Being a realistic dream chaser.

Starting a business large or small is a huge undertaking.  I by no means have all the answers to starting a successful business, I've barely gotten my own off the ground. But I did want to pass along a few tidbits of wisdom that I have learned in starting my very young career as a filmmaker.

1.) Everyone follows a different path.

I'm admittedly a very prideful person, I refuse to ask for very much help. With that being said, after undergrad I had the hardest time finding a job. I was watching friends move on with their lives but it seemed like I was stuck in a stand still. Mentally I was going through a slight depression, I wouldn't dare show it physically.  In order to stay mentally healthy I had to stop comparing myself to other people, you never know what someone else is going through or the help they received along the way.  Just like I put on a really good happy face, you never know who else is doing the same. I read this article a while back on the psychological cost of being an entrepreneur. I forget where I found it but it had the best analogy:

Being a successful start up is a lot like riding a lion. People are watching you like, "Wow he/she is brave, they must really have it together." Meanwhile you're sitting up there terrified trying to figure out; "How the heck did I get on top of a lion?!"

2.) Build a team and ask questions.

Piggybacking off of the last point, I tend to put on this super-human persona. I can handle anything. I have a analogy for that that as well:

"Even Superman needs the Justice League."

If you don't know the answer to a question the only way to figure it out is by asking. Don't fake like you know, get off your pride before you get something important wrong. I watch so many young people try to take on the world by themselves. It makes your life so much more difficult than it needs to be. It's one of the first lessons that I learned, the industry of filmmaking is a team sport. I don't have all the answers. For example, when I first started this venture one of my main concerns was keeping track of my money. I'm not an accountant, so I sought council from one. I was having trouble writing contracts, I'm not a lawyer so I sought council from one. The best way to fix a problem in business is to deal with it before it ever comes walking up to your doorstep. It's just economically sound. Speak to people you trust, there are loads of forums online full of people asking the exact same questions you are, it's really nothing to be ashamed of. One youtube channel that I frequent for business advise is Marie Forleo (when you visit tell her Trev sent yuh).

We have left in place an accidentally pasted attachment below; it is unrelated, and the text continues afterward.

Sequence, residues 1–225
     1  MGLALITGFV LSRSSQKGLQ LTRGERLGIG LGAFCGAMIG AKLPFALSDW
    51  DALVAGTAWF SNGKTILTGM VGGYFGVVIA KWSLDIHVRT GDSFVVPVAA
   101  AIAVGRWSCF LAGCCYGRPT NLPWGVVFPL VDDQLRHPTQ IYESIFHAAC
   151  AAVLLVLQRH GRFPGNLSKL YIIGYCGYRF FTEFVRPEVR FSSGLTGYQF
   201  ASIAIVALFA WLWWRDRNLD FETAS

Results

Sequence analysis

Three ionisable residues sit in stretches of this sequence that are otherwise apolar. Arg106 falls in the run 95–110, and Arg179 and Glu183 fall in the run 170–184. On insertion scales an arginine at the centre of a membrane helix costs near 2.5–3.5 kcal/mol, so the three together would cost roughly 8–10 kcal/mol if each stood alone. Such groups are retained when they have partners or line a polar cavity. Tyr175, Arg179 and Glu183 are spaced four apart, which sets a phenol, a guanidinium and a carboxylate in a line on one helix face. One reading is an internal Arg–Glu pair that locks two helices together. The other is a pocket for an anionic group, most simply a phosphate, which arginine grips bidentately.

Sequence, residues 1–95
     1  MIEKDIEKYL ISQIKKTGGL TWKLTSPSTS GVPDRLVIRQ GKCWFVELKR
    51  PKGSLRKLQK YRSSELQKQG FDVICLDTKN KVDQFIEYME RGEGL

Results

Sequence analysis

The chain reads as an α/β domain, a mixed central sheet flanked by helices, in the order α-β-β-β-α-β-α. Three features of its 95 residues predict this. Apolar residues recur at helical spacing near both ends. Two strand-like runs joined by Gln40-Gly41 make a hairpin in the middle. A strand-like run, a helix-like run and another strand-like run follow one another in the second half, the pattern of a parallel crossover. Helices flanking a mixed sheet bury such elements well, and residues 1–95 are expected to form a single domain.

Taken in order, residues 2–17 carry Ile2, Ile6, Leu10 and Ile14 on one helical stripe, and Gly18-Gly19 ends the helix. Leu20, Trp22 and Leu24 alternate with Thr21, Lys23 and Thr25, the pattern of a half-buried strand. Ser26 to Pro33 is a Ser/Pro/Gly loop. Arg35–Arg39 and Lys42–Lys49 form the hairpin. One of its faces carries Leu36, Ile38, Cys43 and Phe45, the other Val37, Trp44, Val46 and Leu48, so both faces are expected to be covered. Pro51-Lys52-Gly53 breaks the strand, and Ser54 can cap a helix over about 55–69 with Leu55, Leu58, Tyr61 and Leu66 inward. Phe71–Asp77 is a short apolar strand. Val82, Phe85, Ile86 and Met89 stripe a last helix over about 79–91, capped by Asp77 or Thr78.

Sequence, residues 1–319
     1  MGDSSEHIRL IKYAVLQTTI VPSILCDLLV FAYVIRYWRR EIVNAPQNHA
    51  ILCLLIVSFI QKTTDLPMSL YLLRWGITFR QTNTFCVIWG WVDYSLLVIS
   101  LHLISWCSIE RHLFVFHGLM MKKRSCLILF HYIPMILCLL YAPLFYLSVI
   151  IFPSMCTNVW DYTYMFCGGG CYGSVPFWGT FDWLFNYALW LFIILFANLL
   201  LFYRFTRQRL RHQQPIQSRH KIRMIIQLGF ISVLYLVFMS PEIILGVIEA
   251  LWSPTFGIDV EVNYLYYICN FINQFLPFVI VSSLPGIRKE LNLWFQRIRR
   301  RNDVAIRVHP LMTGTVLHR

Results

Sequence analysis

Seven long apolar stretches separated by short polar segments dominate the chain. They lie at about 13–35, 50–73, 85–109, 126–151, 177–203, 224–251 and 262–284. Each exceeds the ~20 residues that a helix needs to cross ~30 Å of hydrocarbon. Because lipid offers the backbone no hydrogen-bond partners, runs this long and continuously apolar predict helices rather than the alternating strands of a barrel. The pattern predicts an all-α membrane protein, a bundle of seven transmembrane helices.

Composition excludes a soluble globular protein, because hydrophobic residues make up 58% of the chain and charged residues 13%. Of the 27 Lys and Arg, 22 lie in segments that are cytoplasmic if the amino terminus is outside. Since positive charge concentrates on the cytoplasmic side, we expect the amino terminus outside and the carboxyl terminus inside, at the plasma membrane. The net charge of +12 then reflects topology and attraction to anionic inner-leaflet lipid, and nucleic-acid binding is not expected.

3.) Move with a plan.

Every step you take on your venture should be strategic. Don't just throw money at your start up, create a business plan. It starts you on a foundation. If you ever fall off track its something for you to go back and look at. It makes you ask yourself "What do I want?" and "How do I get it?" There are no excuses for skipping this step. We live in a digital age, everything you need to know about anything is on the internet. Here let me save you a google search. That link leads you to the SBA website where they take you step by step through the process of beginning your business. Take your time, think about the long-haul as opposed to the short-term. Take it from one of the most competitive people you will ever're not in half the hurry you think you are. Don't rush and make mistakes.  Now we're getting on to my last tidbit of advise...

4.) Don't be an ass. 

No one likes working with or for that guy in any venture you pursue. Build trust, strive for it, constantly do the right thing, and be flexible. Again you never know what someone else is going through and honestly it just feels good to be the nice guy. 

Until next time,

Trevor DeSaussure